For some days I couldn’t sleep. I would stay up late, hold my breath and find something menial to think about for the rest of the night. That day I was contemplating whether the government should ban smoking in auto rickshaws. The thought had been nagging me for a while now. While returning from the chemist after buying my Xanax, I would smoke a couple in the auto just in case. It was the only time I saw myself from the outside; from the eyes of the auto driver, the passing mothers, the eunuchs under the flyover, and the old guard of my colony. Sometimes I would see Ms. Z sitting next to me in the auto, sharing a drag, running her fingers behind my ears, laughing. It was easy to admire her until she laughed- then it got a little more serious. It was the kind of laughter that opened you up. When she laughed, a small line would trace her smile back to her eyes and they would light up, like a river in moonlight. I had caught her laughter; it was something she had left in me, something that would live on long after I’m gone – in my children, in women I would love. That way, I would never really lose Ms. Z.
With that thought I would often throw away my unfinished cigarette and pop a Xanax. After a couple of hours, that familiar feeling of plastic euphoria would creep up under my skin. Then, I would proceed to write songs. I must have written about six hundred songs in those three months- but they all had the same chords. G, D, A. I would be G – smiling. Ms. Z would be D- laughing. And A- that was the xanax ; a threesome I’d have over and over and over again until my fingers would curl up into fists and my songs would punch my guitar, my bed, my shirt into the stretching night. I imagined they would chase this winter night to the vast skyline on the highway to mars. At three a.m, when I would finish performing Ms. Z’s song that auto would stop near a tungsten star and Ms. Z would be there, clapping stardust onto my naked body, laughing. The day that star dissolves into these nights of rum fuelled regulars and smoking limos, I will stop writing songs for you, Ms. Z. That day I’d pick up my guitar and make a grand fire out of anything and everything that burns ; all your cards pasted with birthday lilies and all my shirts pasted with your scent. I’d let go. I would change the way I laugh. And then maybe I could learn to sleep again.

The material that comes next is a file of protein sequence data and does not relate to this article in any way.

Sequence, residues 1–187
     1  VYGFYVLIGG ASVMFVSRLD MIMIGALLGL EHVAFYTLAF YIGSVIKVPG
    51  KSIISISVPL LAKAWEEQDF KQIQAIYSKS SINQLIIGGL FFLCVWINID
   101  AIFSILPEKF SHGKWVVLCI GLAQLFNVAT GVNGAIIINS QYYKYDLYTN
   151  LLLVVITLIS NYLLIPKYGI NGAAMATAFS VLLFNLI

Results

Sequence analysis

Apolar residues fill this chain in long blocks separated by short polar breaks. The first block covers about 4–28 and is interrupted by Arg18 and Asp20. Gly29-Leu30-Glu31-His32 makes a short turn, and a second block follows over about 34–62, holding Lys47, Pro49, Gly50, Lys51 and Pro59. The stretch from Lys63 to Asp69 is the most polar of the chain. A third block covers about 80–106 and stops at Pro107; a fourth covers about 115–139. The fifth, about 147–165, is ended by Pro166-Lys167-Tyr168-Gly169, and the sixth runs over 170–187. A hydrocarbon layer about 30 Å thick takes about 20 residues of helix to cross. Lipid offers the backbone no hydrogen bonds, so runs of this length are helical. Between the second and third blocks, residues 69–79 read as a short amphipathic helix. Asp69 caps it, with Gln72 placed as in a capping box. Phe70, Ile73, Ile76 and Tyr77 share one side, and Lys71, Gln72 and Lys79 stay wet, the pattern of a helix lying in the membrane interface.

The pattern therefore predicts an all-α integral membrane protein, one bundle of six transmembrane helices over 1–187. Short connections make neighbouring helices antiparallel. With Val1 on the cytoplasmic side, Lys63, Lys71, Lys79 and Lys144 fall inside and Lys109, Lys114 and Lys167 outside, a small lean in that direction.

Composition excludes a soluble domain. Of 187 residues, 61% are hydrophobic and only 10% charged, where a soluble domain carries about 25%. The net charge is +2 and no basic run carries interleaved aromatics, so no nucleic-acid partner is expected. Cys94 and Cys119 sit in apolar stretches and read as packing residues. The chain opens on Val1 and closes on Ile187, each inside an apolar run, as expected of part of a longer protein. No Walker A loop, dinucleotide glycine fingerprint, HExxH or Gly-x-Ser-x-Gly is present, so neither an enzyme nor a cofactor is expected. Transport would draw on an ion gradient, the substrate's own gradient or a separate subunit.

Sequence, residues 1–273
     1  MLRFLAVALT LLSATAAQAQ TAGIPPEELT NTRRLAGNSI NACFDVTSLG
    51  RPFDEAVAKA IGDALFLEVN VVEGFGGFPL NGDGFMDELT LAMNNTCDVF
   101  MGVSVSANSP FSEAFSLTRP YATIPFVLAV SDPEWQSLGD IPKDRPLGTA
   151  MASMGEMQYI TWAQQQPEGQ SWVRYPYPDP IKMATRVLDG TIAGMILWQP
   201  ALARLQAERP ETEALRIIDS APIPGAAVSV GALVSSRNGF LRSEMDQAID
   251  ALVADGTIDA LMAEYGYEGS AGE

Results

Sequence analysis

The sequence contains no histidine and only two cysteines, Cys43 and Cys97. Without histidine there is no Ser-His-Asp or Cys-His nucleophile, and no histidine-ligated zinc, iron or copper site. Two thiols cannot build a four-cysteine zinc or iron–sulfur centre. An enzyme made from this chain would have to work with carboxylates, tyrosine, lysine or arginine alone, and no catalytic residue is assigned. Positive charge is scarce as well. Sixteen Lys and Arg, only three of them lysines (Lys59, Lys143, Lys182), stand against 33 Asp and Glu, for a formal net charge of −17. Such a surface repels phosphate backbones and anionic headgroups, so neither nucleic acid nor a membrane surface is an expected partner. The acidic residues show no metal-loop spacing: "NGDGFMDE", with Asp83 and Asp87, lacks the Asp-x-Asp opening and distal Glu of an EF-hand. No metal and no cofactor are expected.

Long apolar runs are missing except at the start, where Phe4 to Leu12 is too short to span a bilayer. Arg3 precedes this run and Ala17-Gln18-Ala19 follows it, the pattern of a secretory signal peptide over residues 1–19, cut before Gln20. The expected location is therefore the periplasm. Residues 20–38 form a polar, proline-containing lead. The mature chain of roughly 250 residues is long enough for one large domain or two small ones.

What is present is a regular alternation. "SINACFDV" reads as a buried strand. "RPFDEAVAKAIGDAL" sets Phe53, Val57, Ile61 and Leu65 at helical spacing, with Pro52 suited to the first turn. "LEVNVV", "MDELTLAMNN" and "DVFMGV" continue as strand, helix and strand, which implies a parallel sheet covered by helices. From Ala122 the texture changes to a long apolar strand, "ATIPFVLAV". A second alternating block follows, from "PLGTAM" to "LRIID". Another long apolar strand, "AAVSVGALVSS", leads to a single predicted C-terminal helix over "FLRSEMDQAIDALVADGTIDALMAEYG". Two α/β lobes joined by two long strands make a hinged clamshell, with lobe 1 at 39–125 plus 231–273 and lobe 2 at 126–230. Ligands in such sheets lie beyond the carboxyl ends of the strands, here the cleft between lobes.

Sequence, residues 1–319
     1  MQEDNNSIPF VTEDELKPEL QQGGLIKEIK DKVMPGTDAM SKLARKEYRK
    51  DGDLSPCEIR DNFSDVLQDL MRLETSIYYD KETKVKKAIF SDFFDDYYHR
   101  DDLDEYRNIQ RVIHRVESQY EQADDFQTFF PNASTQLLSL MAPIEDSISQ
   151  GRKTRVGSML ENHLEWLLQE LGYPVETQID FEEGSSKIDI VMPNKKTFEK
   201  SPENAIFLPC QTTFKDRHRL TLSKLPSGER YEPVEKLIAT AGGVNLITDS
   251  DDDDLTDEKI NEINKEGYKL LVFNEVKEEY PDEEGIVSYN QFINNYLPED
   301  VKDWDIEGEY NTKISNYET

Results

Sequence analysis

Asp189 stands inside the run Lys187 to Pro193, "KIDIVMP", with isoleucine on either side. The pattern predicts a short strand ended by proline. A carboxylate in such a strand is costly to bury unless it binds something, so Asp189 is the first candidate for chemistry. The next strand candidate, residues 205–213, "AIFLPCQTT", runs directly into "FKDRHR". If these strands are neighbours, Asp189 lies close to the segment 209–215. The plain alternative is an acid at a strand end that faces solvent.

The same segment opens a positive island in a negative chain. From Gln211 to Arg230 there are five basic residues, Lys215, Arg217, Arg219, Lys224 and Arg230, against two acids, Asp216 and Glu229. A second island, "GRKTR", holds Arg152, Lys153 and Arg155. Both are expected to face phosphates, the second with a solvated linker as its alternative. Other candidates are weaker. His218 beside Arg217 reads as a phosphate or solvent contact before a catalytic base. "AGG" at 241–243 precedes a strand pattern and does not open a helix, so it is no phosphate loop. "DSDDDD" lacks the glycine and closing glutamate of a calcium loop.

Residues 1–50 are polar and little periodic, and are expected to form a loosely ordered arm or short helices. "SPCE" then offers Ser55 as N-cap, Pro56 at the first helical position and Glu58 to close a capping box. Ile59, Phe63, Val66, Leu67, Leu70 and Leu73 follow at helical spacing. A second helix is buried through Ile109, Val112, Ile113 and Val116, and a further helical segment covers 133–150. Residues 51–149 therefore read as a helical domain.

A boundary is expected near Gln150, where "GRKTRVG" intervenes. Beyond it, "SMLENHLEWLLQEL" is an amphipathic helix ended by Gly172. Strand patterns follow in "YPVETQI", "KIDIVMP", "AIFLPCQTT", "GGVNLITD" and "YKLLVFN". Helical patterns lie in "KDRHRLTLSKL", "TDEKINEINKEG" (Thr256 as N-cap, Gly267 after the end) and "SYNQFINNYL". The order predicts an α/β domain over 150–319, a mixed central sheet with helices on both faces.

Note: The above photograph is a work by American photographer Richard Tuschman who turns Edward Hopper’s paintings into photographs. See more at http://www.fubiz.net/en/2014/01/22/composite-photography-inspired-by-edward-hopper